Humanist Fellowship of San Diego Message Board › Losing Our Religion: The Growth Of The 'Nones'
Chula Vista, CA
The news on this issue just keeps getting better. Young people in particular are abandoning religion in droves. Note:
The trend, Putnam says, is borne out of rebellion of sorts.
"It begins to jump at around 1990," he says. "These were the kids who were coming of age in the America of the culture wars, in the America in which religion publicly became associated with a particular brand of politics, and so I think the single most important reason for the rise of the unknowns is that combination of the younger people moving to the left on social issues and the most visible religious leaders moving to the right on that same issue."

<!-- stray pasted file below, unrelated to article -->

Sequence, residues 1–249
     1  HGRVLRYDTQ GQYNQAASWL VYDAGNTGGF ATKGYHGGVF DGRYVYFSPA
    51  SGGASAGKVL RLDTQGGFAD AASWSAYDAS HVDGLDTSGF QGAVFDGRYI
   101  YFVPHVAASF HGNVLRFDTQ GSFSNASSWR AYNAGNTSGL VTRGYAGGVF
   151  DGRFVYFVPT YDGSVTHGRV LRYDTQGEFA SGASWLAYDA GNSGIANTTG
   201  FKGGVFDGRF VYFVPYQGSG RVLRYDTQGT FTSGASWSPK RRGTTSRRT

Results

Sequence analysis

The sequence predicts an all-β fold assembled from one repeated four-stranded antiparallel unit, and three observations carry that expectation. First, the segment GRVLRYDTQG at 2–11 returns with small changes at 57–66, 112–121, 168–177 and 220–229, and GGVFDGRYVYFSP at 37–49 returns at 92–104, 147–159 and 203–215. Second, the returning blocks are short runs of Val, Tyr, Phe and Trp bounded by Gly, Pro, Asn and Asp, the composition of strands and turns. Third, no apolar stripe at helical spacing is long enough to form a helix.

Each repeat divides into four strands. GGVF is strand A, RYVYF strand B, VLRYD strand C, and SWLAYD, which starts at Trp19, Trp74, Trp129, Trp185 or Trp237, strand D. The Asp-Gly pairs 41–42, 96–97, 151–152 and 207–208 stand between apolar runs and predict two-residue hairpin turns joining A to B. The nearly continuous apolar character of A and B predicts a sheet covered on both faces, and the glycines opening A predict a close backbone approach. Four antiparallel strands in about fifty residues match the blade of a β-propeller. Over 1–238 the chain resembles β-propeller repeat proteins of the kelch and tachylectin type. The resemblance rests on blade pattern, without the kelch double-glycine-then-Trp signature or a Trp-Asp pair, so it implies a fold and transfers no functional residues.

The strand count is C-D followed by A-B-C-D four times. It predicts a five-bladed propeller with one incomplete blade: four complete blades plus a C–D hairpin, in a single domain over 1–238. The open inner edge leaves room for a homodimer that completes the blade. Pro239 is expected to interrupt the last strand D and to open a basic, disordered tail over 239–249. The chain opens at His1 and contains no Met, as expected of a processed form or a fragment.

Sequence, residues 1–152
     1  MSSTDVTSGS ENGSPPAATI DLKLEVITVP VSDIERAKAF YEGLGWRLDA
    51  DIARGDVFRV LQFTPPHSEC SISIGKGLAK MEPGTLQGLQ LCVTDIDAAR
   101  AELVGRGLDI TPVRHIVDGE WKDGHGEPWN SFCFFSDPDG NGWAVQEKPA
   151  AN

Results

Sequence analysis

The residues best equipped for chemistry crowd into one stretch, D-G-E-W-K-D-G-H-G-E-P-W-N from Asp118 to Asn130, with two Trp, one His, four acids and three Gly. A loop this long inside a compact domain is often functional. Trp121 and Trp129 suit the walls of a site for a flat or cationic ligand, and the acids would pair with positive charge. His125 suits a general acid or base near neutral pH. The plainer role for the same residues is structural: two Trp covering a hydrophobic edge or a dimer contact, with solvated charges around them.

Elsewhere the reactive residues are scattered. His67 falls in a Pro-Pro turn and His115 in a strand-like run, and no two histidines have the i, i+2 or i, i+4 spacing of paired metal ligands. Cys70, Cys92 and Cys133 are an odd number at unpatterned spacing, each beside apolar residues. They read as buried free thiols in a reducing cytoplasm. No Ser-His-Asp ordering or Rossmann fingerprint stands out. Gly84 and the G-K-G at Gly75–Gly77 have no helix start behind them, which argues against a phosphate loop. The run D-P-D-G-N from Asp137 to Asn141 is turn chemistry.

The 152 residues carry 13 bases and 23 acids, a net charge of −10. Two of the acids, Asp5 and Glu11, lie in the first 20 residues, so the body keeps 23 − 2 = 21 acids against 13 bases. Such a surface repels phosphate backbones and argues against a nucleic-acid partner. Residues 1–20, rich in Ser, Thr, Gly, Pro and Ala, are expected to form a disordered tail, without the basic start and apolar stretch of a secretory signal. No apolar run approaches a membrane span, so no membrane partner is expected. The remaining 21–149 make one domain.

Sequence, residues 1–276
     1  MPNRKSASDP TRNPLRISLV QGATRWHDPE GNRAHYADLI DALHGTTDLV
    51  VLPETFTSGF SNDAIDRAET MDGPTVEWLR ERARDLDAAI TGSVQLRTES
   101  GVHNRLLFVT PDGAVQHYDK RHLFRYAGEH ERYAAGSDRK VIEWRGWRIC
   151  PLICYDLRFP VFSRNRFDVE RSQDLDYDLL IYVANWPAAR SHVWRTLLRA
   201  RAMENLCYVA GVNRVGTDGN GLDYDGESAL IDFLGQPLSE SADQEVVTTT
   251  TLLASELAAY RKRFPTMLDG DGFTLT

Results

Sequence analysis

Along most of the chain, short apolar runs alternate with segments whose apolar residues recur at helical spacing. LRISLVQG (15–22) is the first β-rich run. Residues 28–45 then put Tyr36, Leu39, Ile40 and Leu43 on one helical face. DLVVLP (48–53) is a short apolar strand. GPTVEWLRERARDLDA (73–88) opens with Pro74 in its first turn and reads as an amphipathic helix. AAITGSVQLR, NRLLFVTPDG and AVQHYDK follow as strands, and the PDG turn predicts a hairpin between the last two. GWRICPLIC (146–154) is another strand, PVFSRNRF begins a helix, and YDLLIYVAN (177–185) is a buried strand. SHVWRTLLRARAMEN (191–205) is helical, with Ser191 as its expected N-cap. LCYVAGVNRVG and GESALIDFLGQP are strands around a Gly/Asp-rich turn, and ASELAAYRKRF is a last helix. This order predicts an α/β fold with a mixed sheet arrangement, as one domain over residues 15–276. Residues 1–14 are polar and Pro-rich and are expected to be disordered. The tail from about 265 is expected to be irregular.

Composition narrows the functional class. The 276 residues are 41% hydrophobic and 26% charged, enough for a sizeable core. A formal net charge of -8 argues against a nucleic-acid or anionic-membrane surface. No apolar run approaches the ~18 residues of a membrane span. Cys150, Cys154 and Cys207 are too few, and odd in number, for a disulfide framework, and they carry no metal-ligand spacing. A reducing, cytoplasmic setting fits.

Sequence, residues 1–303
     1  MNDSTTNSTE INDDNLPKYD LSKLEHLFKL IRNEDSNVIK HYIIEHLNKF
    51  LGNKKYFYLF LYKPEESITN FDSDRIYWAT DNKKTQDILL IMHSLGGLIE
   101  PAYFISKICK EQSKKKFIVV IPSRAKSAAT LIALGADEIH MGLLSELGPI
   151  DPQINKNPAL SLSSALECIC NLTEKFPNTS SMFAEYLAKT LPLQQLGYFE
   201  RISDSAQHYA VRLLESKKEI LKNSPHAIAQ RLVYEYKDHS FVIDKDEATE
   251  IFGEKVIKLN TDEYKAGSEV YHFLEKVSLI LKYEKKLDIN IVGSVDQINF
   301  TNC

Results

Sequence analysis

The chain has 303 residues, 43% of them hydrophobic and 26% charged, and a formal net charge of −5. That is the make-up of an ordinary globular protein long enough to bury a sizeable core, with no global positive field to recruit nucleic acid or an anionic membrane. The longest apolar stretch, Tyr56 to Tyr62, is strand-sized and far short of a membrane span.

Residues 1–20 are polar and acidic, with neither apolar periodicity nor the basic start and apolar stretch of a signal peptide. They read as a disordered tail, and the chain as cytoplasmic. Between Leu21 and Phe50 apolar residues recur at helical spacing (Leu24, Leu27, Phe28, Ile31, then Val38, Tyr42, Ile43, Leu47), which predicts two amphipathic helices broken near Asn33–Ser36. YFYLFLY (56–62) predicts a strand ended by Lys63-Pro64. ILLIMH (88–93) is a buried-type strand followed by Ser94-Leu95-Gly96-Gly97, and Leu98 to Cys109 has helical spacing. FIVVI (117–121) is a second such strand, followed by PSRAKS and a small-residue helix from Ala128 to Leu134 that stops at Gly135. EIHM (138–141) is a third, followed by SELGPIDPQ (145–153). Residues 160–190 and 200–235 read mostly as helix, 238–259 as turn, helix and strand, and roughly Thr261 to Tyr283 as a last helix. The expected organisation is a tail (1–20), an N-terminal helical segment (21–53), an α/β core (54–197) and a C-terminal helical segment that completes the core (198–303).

And the rise of the nones has had a significant political impact. As NPR's Liz Halloran detailed last month, the voting nones helped give President Obama a second-term victory and have become, as Smith says in the story, a "very important, politically consequential group." Halloran writes:
The religiously unaffiliated voters are almost as strongly Democratic as white evangelicals are Republican, polls show.
Gee, you wouldn't know this considering how silent Democrats are regarding the non-religious, one of their most important constituent groups!